- Poster presentation
- Open Access
Psychological aspects of eating disorders
© The Author(s) 2006
Published: 28 February 2006
Eating disorders are becoming more apparent in primary care. We hypothesised that many individuals with active eating disorders have alexithymic traits and a tendency to somatize their distress.
Materials and methods
Fifty one obese women completed self-report questionnaires, including the Beck Depression Inventory, the State Trait Anxiety Inventory, the Dutch Eating Behaviour Questionnaire, and the Toronto Alexithymia Scale. The presence of BED, screened using the Questionnaire of Eating and Weight Patterns, was confirmed by interview.
Forty obese women were identified as having. The relationships between alexithymia and emotional eating in obese subjects differed between the two groups according to the presence of BED. Alexithymia was the predictor of emotional eating in BED subjects, whereas perceived stress and depression were the predictors in non-BED subjects.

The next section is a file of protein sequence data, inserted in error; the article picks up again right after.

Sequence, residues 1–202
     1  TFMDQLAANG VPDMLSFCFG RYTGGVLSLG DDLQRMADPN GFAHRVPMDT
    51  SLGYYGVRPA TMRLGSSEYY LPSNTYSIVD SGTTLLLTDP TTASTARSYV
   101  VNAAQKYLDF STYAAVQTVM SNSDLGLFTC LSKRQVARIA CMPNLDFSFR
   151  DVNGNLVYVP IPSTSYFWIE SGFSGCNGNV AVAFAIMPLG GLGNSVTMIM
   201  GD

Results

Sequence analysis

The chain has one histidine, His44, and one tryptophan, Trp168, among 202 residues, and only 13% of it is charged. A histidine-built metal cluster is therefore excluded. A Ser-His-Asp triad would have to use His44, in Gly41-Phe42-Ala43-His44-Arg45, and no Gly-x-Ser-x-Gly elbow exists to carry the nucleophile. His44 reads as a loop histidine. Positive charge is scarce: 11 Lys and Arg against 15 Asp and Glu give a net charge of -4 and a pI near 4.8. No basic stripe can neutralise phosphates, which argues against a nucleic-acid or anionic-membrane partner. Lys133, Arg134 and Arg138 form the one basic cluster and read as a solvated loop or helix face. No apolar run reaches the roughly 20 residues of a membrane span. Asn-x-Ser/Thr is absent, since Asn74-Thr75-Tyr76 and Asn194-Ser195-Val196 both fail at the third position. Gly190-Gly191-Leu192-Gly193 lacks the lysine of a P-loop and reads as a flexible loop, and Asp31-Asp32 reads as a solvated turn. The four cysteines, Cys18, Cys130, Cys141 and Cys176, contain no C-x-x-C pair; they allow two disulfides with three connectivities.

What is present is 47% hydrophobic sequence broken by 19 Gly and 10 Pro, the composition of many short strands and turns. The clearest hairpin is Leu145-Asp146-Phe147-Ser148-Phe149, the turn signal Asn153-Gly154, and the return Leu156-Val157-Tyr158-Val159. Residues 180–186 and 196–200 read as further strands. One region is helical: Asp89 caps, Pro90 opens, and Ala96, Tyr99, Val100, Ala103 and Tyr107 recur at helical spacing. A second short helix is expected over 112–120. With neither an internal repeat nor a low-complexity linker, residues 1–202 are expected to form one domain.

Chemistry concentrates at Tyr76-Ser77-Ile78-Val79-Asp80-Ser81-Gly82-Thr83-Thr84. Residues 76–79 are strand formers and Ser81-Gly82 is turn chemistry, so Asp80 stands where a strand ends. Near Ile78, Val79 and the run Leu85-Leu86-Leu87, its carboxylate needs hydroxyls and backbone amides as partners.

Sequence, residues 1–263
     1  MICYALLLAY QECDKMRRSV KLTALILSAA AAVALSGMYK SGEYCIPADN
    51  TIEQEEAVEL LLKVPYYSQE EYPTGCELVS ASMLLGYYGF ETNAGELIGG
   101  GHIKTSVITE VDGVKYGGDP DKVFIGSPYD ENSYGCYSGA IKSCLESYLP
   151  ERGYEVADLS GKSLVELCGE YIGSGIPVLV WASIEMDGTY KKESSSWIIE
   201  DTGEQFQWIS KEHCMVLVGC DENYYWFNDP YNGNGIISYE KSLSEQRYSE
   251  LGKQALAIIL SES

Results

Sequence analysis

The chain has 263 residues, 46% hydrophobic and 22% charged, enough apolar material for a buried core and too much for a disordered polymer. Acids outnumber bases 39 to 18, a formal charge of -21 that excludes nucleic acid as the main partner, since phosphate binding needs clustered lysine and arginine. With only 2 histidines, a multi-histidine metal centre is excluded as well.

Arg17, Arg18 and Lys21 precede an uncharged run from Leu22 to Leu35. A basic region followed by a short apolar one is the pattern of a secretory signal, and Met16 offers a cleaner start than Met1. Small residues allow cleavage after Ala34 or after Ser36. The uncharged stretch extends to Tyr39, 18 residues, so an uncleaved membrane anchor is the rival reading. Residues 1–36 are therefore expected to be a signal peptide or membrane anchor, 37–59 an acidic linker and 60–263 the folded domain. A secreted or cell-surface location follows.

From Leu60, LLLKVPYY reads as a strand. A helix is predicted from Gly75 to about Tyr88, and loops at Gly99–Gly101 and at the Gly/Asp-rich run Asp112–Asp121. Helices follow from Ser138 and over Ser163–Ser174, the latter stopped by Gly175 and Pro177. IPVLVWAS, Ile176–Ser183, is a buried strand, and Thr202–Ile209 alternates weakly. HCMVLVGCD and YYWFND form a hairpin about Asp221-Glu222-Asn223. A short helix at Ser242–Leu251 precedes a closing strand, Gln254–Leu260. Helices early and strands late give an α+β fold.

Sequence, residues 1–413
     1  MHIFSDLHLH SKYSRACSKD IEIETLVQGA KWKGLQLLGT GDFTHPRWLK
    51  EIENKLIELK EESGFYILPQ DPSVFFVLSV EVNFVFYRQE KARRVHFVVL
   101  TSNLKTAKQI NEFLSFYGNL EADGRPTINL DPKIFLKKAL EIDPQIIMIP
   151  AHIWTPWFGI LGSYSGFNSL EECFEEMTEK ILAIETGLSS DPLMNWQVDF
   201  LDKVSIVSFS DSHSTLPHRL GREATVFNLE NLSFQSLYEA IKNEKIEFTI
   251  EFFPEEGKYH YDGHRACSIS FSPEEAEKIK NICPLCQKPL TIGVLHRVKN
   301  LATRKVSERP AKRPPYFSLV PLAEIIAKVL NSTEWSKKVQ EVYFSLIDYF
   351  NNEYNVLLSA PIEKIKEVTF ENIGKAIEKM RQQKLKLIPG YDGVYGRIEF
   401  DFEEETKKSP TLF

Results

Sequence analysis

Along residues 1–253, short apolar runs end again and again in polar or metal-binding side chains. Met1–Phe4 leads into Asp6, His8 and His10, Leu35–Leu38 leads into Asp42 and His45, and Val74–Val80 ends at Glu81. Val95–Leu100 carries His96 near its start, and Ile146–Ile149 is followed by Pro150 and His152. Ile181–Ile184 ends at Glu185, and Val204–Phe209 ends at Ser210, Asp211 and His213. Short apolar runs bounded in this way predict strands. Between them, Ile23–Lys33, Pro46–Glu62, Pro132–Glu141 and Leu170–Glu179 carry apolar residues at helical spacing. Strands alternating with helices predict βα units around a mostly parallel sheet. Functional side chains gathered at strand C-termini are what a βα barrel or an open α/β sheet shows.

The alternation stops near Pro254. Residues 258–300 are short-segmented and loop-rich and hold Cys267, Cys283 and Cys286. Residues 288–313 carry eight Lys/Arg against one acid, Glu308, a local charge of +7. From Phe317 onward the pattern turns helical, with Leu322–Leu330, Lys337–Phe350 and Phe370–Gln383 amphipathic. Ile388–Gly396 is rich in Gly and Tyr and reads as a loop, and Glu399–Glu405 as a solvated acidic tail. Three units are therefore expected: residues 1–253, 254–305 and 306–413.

The results of this study emphasise the difference between those with active eating disorders who achieved high scores for privacy, introversion, and alexithymia, and those who have recovered. These character traits give potential helpers an important indication of the areas that can both block and facilitate recovery, and they act as a reminder that the presenting symptoms in eating disorders and other psychosomatic conditions are the outward presentation of internal conflict. It is suggested that effective screening and needs assessment will facilitate a more appropriate and prompt therapeutic response. This may be provided in the primary care setting where appropriate training has occurred.
These data suggest the involvement of alexithymia in eating disorders among obese women.